There is nothing positive to be said about habitual breath-holding. It is often an involuntary response to a moment of anxiety or stress. Many of us hold our breaths when we are trying to think of the best verbal response to a challenge, or the correct answer to a question that has been posed. But there is no perceivable benefit to doing that. If one needs a pause to think before speaking, it would be more productive to continue the flow of air into and out of the lungs while pondering the situation, thereby increasing the possibility of oxygen renewal to the brain.

Breath-holding interrupts the synergy and organization of the neuro-musculo-skeletal coordination that keeps the breathing process moving freely and fluidly. Breath-holding brings the diaphragm and all of the respiratory muscles to a sudden halt. It builds up unnecessary pressure in the thorax and in the throat, also interfering with the potential oscillation of the vocal folds as they prepare for the next spoken utterance.

Our teacher, Carl Stough, coached competing swimmers not to hold the breath while swimming under water. He suggested that the swimmer should first inhale and then extend the exhalation phase for the duration of time that the head is submerged, surface for the next inhalation, then exhale again under water, thus keeping the continuity of breathing movement.


…and now, "you were here* : the video!"

My last post about honesty in yoga credentialing has gone a bit viral. It was natural then, to discuss it in last Wednesday’s post-Yoga Anatomy, on camera Q&A.

What emerged was a rather interesting exploration of my views on how we train people, and what it takes to really absorb the kinds of things we teach in yoga trainings.

Enjoy!  If you’d like to join the discussion, please leave a comment.


Yoga Therapy Summit, part two

Yoga Therapy Summit's full panel: (standing) Larry Payne, event keynote John Kepner, Leslie Kaminoff; (seated) Kate Holcombe, Gary Kraftsow, Richard Miller, Sonia Nelson

A few weeks ago I wrote about a wonderful event where I was presenting a weekend workshop on The Knot of Brahma – Emotional Suppression as the Source of Common Pain Syndromes in Rapid City, SD.

The Yoga Therapy Summit was hosted by Surya Chandra Yoga Sanga and lovingly organized by JJ Gormley-Etchells and her great team. It provided a wonderful, intimate opportunity for some of T.K.V. Desikachar’s senior teachers to gather in one place, share memories, stories and teachings from the Krishnamacharya lineage.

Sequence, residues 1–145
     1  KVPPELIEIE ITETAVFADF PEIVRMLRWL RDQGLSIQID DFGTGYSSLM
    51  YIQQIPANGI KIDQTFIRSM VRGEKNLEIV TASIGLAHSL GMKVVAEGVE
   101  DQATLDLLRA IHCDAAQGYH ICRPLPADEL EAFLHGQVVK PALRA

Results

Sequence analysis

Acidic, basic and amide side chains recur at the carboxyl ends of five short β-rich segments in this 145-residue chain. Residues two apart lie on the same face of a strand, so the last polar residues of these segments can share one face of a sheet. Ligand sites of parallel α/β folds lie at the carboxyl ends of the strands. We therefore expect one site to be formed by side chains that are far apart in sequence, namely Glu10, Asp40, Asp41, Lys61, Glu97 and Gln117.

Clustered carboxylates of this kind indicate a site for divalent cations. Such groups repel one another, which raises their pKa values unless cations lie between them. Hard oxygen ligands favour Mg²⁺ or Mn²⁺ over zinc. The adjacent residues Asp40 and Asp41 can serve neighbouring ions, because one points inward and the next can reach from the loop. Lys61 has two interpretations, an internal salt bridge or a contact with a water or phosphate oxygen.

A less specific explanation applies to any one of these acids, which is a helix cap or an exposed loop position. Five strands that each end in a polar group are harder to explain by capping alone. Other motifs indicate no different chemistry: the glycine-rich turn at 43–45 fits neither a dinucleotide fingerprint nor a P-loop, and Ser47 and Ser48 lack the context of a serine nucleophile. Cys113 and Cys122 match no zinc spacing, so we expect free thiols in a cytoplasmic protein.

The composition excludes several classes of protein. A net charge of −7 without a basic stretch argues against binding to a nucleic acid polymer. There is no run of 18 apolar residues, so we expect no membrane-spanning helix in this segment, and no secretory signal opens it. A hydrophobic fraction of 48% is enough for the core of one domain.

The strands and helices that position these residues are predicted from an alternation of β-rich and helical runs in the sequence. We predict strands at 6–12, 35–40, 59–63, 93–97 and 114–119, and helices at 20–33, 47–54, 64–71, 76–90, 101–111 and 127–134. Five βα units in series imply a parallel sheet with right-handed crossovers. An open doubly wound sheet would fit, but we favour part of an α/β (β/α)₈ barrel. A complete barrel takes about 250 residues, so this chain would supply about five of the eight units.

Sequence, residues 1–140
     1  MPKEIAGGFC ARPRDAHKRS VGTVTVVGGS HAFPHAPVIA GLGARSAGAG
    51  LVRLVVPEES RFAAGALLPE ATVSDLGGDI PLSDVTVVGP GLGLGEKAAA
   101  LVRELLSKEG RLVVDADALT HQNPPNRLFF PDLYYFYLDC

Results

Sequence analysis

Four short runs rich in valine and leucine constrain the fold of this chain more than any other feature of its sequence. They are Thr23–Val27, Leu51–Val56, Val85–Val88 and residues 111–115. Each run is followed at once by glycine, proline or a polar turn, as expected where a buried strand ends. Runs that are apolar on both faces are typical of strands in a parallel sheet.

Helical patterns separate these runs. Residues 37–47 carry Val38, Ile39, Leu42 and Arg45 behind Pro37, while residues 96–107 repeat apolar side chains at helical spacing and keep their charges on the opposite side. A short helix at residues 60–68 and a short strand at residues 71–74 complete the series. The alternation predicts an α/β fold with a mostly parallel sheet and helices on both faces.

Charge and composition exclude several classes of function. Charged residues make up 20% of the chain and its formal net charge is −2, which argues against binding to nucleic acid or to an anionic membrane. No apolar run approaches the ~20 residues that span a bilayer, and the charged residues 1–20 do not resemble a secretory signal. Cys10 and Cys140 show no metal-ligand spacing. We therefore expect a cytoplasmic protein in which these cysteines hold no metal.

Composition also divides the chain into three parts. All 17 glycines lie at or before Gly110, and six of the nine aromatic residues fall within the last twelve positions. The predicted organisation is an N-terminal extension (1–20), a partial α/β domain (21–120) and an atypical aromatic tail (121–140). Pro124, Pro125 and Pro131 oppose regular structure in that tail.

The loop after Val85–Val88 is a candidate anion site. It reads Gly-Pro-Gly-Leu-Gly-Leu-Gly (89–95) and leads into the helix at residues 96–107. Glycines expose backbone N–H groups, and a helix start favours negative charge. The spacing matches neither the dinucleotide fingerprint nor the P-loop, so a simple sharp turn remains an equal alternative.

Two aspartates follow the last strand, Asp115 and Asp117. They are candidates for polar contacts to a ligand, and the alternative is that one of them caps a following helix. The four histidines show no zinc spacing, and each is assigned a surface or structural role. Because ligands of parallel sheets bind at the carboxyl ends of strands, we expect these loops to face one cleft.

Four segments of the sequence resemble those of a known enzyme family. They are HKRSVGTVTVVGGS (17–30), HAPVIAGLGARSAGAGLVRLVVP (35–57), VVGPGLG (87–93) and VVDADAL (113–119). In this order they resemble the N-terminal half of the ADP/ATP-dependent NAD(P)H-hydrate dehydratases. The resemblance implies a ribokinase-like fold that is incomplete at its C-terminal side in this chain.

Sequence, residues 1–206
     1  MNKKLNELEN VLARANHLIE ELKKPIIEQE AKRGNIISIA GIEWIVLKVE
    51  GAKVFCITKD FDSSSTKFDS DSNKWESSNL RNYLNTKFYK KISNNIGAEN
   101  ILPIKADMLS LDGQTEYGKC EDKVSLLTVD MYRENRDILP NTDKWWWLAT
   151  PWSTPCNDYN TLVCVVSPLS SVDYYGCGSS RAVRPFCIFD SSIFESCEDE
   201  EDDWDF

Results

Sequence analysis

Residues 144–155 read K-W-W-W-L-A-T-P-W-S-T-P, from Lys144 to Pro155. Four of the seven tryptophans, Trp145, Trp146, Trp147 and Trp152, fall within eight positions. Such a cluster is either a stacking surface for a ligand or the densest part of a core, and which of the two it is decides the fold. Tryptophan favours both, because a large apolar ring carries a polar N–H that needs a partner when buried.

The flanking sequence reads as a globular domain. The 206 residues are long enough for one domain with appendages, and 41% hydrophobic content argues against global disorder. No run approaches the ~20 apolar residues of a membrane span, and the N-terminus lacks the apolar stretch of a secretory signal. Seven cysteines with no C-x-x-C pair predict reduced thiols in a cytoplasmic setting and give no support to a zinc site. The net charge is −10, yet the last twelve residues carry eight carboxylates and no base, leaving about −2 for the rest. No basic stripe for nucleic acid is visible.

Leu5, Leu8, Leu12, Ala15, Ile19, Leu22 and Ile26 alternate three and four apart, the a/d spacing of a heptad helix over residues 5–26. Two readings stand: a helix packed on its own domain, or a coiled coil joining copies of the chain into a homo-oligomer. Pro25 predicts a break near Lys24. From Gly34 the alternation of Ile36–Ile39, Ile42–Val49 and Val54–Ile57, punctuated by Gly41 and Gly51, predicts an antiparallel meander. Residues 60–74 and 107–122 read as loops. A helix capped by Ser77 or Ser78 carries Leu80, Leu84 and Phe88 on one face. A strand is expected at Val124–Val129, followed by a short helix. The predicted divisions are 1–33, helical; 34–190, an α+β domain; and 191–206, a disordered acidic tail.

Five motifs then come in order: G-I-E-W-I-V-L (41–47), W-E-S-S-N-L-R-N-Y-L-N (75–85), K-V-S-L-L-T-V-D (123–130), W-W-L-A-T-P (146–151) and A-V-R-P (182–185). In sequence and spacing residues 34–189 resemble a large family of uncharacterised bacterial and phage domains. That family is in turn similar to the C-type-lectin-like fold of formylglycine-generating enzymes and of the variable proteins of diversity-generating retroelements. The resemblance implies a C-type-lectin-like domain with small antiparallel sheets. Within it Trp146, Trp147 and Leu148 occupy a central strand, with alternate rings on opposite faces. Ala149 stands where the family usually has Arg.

[portfolio_slideshow id=1336]

You can learn more about my fellow presenters at their sites:

For more photos view the rest here (you can check out our visit to Utah, too).


David Hykes this Wednesday and Saturday at The Breathing Project

We are privileged to welcome back the amazing David Hykes to The Breathing Project in New York City for two programs this week. As always, I give my highest recommendation to these, or any other programs with this modern master of Harmonics and sound.

On Wednesday, June 6th, David will be taking over my evening class time to lead “Essential Harmony and the Spirit of Awakening.” This session integrates the universal sacred music called Harmonic Chant with sound yoga, mantra, breath and sensory awareness practices, movement, and healing harmonization.
On Saturday, June 9th: David will conduct a “Harmonic Meeting,” combining a concert program, awareness practices, and participatory group Harmonic Chant.

Each session is $35. Click here to register


"Yoga Anatomy" available from Amazon!

The long wait is finally over! e-Sutra has been inactive for the past 2 months due to the final work on my new book “Yoga Anatomy” published by Human Kinetics. It is currently at the printer, and will be available in 3 weeks.

I will post some exclusive previews of the book’s content in the next day or two, as well as an invitation to the NYC book release party, so stay tuned!

Pre-orders are already moving quite briskly, and it is already the #11 Yoga book on Amazon. If you would like to support e-Sutra, use this link to pre-order your copy from Amazon now!


Upcoming Toronto Teachers’ Workshop with Leslie Kaminoff